The Oklahoma City metro area’s largest ambulance service has a long list of paramedics and EMT’s ready to report to work ahead of an incoming storm that could drop a foot of snow.
“Anytime there’s winter weather, that poses a lot of problems with our ambulances,” said Adam Paluka, a spokesperson for EMSA. “The fewer people that are out on the roads, the better.”
EMSA will be coordinating with other emergency responders as drivers could become stranded in potentially historic low temperatures.
“In the event that we do get historic snowfall amounts, we will all come up together with a plan to make sure we are able to reach our patients and transport them safely to the hospital.”
Throughout 2020, EMSA’s average response times became longer by several minutes as the COVID-19 pandemic worsened in Oklahoma.
In recent weeks, the number of new cases and hospitalizations from the virus have dropped. Paluka said EMSA is benefitting from their workers being inoculated with COVID-19 vaccinations, and response times are improving.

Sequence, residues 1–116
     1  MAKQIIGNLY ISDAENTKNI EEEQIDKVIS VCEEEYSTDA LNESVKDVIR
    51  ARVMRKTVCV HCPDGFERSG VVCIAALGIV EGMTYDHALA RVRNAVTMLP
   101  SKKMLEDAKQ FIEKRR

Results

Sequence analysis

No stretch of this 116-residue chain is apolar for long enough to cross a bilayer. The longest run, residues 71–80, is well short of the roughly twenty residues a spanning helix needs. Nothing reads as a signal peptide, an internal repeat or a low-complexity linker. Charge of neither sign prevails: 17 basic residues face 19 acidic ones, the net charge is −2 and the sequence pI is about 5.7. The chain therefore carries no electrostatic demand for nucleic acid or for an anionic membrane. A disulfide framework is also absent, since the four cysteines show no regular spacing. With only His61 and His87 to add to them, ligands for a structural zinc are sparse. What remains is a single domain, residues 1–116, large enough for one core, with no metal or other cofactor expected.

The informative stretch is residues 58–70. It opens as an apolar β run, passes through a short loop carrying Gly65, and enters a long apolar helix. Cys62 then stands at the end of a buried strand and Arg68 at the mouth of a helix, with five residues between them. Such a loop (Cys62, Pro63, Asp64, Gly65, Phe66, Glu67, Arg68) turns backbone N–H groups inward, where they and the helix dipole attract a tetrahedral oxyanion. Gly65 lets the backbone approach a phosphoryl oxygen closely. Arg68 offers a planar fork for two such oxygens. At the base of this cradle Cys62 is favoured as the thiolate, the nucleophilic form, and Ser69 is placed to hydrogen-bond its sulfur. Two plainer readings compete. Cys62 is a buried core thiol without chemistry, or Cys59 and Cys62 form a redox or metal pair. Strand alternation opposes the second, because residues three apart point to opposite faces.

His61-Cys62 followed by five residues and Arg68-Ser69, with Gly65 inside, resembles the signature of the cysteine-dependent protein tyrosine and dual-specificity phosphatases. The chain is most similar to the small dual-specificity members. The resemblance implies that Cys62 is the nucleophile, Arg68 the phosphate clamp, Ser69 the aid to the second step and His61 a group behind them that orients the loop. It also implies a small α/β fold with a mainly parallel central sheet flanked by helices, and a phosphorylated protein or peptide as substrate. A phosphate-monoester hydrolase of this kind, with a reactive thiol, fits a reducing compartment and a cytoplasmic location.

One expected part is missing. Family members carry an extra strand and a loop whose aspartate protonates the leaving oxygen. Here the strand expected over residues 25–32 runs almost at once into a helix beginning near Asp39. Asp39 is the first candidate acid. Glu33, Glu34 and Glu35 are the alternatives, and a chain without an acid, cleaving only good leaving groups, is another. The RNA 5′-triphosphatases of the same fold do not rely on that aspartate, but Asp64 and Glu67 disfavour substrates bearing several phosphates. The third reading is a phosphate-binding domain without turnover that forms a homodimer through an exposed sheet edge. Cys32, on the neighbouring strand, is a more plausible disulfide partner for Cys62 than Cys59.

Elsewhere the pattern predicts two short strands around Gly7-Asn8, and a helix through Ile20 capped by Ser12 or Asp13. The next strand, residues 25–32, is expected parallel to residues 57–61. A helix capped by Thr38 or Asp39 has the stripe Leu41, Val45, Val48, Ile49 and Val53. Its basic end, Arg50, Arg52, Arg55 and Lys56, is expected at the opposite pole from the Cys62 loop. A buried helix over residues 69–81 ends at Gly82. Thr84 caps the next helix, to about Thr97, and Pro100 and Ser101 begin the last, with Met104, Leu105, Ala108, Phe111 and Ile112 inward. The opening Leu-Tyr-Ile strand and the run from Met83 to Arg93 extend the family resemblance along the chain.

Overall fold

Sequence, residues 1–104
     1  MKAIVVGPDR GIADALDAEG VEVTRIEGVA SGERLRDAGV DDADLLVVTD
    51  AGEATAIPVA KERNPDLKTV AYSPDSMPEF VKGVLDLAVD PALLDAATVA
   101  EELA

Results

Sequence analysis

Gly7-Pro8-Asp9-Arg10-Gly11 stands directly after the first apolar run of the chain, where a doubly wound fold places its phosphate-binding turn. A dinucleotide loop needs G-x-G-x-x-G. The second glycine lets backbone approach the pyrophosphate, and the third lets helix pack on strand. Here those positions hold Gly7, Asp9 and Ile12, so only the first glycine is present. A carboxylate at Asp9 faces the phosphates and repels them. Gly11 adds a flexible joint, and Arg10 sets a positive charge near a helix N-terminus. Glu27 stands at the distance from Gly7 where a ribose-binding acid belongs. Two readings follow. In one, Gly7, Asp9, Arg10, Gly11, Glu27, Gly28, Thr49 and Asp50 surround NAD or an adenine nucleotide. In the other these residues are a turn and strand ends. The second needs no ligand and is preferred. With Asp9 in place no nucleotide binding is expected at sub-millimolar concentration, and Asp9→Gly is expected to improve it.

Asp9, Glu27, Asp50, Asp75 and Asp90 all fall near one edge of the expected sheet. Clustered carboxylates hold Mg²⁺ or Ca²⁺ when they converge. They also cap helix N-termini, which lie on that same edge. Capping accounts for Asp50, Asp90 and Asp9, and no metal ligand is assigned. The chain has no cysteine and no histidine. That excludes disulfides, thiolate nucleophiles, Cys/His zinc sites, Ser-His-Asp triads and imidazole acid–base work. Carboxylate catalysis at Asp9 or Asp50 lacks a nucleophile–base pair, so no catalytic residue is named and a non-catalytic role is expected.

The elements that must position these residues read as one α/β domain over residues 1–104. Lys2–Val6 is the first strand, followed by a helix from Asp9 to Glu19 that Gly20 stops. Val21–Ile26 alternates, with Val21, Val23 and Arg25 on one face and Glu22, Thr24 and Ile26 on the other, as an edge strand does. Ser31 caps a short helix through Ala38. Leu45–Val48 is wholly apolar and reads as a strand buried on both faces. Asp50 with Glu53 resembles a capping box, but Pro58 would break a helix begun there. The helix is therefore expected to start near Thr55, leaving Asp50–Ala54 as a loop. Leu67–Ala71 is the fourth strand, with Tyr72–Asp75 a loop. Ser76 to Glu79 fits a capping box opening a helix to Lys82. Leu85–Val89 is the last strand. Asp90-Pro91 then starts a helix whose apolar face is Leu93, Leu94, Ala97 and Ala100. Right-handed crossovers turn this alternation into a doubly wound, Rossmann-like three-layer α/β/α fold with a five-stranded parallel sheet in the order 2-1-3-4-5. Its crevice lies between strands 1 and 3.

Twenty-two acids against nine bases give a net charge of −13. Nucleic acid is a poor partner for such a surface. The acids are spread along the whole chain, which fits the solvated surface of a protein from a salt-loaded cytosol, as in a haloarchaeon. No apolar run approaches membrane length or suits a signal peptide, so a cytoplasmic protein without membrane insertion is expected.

“This week we’re seeing some of our best numbers that we’ve seen in a while,” he said. “We currently don’t have any EMT’s or paramedics in quarantine or isolation.”
Paluka said drivers can help emergency responders by staying home. Bringing a ‘to-go bag’ with extra clothes, food, water, and a battery charger can save lives in the event someone gets stuck outside.
“It’s time for us to rally together as one OKC to get through this. Hopefully, by this time next week, we’ll be looking back at this winter storm with smiles,” he said.